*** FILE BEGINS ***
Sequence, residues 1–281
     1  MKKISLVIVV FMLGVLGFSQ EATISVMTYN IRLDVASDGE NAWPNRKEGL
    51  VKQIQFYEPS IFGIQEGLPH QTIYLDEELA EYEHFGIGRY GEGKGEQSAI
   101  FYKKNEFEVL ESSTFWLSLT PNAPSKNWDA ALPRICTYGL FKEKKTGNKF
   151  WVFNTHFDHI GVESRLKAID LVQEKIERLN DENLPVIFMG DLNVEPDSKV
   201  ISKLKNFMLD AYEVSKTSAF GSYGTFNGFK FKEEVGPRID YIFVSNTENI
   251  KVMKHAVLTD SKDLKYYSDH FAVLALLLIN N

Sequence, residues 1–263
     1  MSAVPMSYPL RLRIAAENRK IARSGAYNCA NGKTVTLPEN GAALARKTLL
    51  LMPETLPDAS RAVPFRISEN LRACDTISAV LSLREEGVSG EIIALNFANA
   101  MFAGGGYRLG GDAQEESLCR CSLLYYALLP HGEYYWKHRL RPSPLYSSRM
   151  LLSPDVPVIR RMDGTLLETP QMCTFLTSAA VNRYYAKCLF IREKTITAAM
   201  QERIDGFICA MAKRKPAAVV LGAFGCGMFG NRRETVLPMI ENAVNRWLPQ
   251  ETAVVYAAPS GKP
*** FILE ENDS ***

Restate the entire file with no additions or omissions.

Sequence, residues 1–281
     1  MKKISLVIVV FMLGVLGFSQ EATISVMTYN IRLDVASDGE NAWPNRKEGL
    51  VKQIQFYEPS IFGIQEGLPH QTIYLDEELA EYEHFGIGRY GEGKGEQSAI
   101  FYKKNEFEVL ESSTFWLSLT PNAPSKNWDA ALPRICTYGL FKEKKTGNKF
   151  WVFNTHFDHI GVESRLKAID LVQEKIERLN DENLPVIFMG DLNVEPDSKV
   201  ISKLKNFMLD AYEVSKTSAF GSYGTFNGFK FKEEVGPRID YIFVSNTENI
   251  KVMKHAVLTD SKDLKYYSDH FAVLALLLIN N

Sequence, residues 1–263
     1  MSAVPMSYPL RLRIAAENRK IARSGAYNCA NGKTVTLPEN GAALARKTLL
    51  LMPETLPDAS RAVPFRISEN LRACDTISAV LSLREEGVSG EIIALNFANA
   101  MFAGGGYRLG GDAQEESLCR CSLLYYALLP HGEYYWKHRL RPSPLYSSRM
   151  LLSPDVPVIR RMDGTLLETP QMCTFLTSAA VNRYYAKCLF IREKTITAAM
   201  QERIDGFICA MAKRKPAAVV LGAFGCGMFG NRRETVLPMI ENAVNRWLPQ
   251  ETAVVYAAPS GKP